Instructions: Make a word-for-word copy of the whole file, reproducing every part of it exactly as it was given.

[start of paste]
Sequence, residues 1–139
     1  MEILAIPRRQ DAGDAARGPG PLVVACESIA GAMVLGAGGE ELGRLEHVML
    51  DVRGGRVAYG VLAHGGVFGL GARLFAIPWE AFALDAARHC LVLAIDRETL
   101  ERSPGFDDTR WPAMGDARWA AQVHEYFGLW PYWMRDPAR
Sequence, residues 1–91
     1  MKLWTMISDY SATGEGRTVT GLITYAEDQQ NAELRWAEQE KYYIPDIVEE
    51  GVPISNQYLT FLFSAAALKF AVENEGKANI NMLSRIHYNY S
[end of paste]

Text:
Sequence, residues 1–139
     1  MEILAIPRRQ DAGDAARGPG PLVVACESIA GAMVLGAGGE ELGRLEHVML
    51  DVRGGRVAYG VLAHGGVFGL GARLFAIPWE AFALDAARHC LVLAIDRETL
   101  ERSPGFDDTR WPAMGDARWA AQVHEYFGLW PYWMRDPAR
Sequence, residues 1–91
     1  MKLWTMISDY SATGEGRTVT GLITYAEDQQ NAELRWAEQE KYYIPDIVEE
    51  GVPISNQYLT FLFSAAALKF AVENEGKANI NMLSRIHYNY S